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Director's Column

PLSJC Director Alan Hall writes a weekly column discussing library and community news, history, and other interesting subjects.

The Steubenville Female Seminary

By Alan Hall, Director, PLSJ
Publish Date - Sunday, April 10, 2016

The Steubenville Female Seminary educated over 5,000 students from its opening in 1829 until it demise in 1898.  The institution was part of a “Seminary movement” during the 19th Century across America that provided an education to women in the 5,900 such colleges that existed.


The campus was located along High St. (today’s SR 7) between South & Adams streets and occupied the entire block.


By overlaying maps, today you would be driving on the Seminary site by traveling north on Route 7 as the last buildings were demolished in 1953 for the construction of the 4-lane corridor.


The Steubenville Female Seminary opened April 29, 1829 under the direction of Rev. Charles C. Beatty and his wife Hetty Elizabeth Davis Beatty.


Buildings were erected over the next decade until the complex occupied an entire city block, and was an impressive facility when viewed from Ohio River traffic and train service, as the tracks passed the Seminary.


In 1856, Rev. A.M. Reid and his wife joined the Beattys as assistants and continued operations until 1886 when it passed to others.


By the end of the 19th Century, public schools had grown and developed, and most of the female seminaries, including Steubenville, had closed.


Our Local History and Genealogy Department has worked for years to gather information, and specifically the names of students who attended Steubenville Female Seminary.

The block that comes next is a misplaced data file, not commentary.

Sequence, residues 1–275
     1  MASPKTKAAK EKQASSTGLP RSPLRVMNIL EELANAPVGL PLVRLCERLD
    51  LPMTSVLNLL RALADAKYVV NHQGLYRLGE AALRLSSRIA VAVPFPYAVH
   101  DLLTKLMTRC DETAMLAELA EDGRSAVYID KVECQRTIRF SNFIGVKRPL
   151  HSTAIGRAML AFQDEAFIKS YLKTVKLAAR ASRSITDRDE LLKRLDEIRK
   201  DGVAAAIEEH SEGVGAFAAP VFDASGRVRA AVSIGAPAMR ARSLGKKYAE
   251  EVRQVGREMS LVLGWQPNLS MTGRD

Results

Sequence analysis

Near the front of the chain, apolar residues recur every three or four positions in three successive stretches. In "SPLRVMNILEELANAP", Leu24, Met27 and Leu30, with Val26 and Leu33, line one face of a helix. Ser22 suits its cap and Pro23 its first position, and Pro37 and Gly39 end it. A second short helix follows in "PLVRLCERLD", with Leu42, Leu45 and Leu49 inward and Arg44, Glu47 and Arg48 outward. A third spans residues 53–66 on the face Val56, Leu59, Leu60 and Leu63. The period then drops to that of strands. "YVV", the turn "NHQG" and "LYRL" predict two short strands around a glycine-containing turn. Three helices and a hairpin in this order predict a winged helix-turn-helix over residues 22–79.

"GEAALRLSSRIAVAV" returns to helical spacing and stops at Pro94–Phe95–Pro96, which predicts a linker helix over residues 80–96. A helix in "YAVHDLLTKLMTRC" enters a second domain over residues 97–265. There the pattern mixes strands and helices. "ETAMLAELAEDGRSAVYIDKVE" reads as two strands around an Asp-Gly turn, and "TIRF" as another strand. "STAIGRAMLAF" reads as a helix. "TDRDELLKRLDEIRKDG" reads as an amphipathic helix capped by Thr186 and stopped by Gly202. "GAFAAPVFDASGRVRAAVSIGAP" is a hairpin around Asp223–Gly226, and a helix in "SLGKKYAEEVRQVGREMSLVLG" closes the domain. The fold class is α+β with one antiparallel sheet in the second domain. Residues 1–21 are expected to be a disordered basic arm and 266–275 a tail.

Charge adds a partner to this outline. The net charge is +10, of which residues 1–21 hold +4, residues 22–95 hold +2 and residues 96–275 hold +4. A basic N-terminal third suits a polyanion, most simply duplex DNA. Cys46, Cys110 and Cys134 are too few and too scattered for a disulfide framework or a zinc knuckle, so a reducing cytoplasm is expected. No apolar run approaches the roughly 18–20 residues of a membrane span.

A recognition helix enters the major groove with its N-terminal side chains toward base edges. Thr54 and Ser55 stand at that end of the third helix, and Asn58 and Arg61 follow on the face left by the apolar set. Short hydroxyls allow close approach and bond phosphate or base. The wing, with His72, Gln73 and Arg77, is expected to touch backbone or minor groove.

Sandy Day developed a master list of students from available sources, and we were pleased that Kent State University shared four of the Seminary catalogs from their collection to be copied for local use.


The 1870 edition is the “41st Annual Catalogue of the Steubenville Female Seminary” and lists students from 12 different states with 23 teachers caring for their education.


The campus is described as 600 ft. in length surrounded by a brick wall with a beautiful view of the river and rail road.


Students must be a minimum age of 12 and a rigorous course of study is outline including history, geography, and grammar; expanding into the sciences and literature.  Courses in music and art were also part of the curriculum.


Since most students lived in the dormitories, the catalog provides discussion of life at the Seminary including the rule, “confectionary and such like eatables are contraband, as detrimental to health.”


The cost of the school was $ 170 per year for Board, and $ 12-18 for tuition, as well as incidentals such as 50 cents for washing a dozen dresses.


There were lengthy rules and regulations governing the Seminary as many of the students lived far away from their homes from September through June.


A large gathering was held in 1873 and the City was filled with former students and graduates who had returned to honor the Beattys and the Reids for their dedication to the institution and students.


By the 1880s the number of students at the Seminary began to decline as it moved into the twilight years, and parts of the buildings were rented to other concerns.


Following the closure of the Steubenville Female Seminary in 1898, the dormitories were rented as apartments and the larger buildings became commercial concerns.


The care of the facility in the 19th Century disappeared over the next 50 years with final photographs showing a deteriorated structure by 1953 when what remained was demolished for the new Steubenville Thoroughfare, a four-lane Route 7.


Our library has about a dozen catalogs of the old Seminary, as well as odds and ends gathered in our files in an attempt to document all these students who education took place here.